Also striking is the observation of Runyan, that I share based on my research, that to outsiders gifted people often seem less ill than they actually are. They often try to continue doing as much as possible. Often they (and their close friends and relatives) are the only ones who see that something is not right, but to a doctor it may seem not that bad. Does that have anything to do with the basic energy level or drive that is higher for most gifted people to start with? They have often found various ways of coping with their disease and its limitations and continue to do as much as they can. They know that it’s much less than before, but doctors can’t see the seriousness of the situation.
This book is about people who have problems with their energy level. As a physician I know from personal experience that these patients are quite a challenge. There are rarely objective clues and the story of the patient is the only information you get. Most gifted people will be one step ahead of their doctor already because they will have studied their disease extensively by themselves. That is challenging to the doctor-patient relationship. It is tempting to think that only gifted doctors would be able to help these people, because in many ways these are very complex cases.
Runyan’s experiences are very useful to explain what happens to gifted people with dementia or brain trauma. The principle of “You score average on tests, so there’s nothing wrong” can be applied here as well. In this way dementia and other issues with someone’s brain can often be hidden in this group and recognised very late.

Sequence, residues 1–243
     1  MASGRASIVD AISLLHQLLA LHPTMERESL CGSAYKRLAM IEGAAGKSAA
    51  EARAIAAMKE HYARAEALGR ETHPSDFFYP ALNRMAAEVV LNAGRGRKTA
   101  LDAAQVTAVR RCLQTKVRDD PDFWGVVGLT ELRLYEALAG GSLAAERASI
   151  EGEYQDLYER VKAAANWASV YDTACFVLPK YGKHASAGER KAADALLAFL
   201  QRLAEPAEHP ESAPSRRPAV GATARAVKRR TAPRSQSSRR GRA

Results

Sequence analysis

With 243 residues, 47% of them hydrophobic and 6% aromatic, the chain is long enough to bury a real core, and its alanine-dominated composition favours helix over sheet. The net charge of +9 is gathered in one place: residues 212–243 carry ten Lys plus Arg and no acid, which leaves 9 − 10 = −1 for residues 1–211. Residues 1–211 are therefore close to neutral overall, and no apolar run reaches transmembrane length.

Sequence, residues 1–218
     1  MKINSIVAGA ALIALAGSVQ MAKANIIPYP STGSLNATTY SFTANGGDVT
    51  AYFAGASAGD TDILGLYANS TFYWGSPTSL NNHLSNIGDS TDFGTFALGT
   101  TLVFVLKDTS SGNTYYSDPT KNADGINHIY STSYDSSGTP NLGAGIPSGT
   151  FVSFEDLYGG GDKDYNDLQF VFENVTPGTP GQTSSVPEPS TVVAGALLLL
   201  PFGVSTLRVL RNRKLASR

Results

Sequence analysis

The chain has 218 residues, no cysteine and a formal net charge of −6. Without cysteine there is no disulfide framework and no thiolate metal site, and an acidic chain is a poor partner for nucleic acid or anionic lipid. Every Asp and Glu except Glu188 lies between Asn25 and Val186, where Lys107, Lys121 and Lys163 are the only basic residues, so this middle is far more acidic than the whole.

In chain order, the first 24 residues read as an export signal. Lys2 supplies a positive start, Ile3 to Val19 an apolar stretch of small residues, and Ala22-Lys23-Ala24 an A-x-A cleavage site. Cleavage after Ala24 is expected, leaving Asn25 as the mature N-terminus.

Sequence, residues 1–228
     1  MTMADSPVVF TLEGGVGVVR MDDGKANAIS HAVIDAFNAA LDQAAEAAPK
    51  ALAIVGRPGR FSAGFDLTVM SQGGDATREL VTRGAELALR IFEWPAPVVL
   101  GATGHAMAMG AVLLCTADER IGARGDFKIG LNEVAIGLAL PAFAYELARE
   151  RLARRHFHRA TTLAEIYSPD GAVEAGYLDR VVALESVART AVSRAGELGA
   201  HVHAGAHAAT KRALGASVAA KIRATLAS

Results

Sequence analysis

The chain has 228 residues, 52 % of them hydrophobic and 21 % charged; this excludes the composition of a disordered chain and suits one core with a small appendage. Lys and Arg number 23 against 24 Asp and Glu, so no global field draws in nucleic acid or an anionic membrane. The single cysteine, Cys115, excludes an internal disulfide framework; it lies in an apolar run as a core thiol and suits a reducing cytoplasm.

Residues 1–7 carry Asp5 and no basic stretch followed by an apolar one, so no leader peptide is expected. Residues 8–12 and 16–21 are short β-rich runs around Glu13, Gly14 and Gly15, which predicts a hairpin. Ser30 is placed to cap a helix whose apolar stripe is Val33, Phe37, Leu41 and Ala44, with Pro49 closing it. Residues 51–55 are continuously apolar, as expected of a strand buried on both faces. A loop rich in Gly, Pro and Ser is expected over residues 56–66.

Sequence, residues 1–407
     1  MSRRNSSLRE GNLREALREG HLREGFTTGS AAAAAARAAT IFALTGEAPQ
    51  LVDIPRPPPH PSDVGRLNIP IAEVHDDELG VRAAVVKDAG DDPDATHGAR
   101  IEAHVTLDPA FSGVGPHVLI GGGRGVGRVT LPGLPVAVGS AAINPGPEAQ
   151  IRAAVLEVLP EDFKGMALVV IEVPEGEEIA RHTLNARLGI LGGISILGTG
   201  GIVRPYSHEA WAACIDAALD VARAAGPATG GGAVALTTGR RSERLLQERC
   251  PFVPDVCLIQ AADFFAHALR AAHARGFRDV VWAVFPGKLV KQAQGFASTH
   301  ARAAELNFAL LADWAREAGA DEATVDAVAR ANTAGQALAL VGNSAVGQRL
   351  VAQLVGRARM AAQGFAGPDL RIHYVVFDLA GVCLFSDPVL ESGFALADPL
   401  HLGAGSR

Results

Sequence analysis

Therefore I’m extremely happy that this book now exists. If there was any point of criticism to make, it would be that it’s quite comprehensive and that, as a reader, I sometimes need a summary. For example, chapter 8 has 65 points, where Runyan shows the advantages (‘privileges’) of having an official diagnosis. I would have liked to see some main categories and examples of those.
In some places I see the results of the research mixed with practical recommendations. I would prefer to keep those separated to create more of an overview. For example, chapter 12 has a list of recommendations, which is quite clear.
Runyan surprised me by including Autistic Spectrum disorders among the neuro-immune illnesses. She explains this in chapter 9, referring research that shows that in neuro-immune diseases (ME and chronic fatigue syndrome) the glutamate metabolism is disrupted, which has also been shown for autistic behavior. Maybe the highly intelligent brain has an extra sensitivity to neuro-immune diseases or there is a connection between neuro-immune diseases and intelligence, she asks herself. I find this a bit too much of a sidestep, that is not necessary for the information in the story in my opinion. But it could also be an insight that shows that Runyan is ahead of her time and she will be proved right in a number of years. In any case, she has done a lot of research besides the interviews and I find that very positive.
I highly recommend her book to gifted people with neuro-immune diseases and to medical doctors and other caregivers.
The book makes me want to continue with our own research into gifted people who are ill and to publicize our findings.
Noks Nauta, physician and psychologist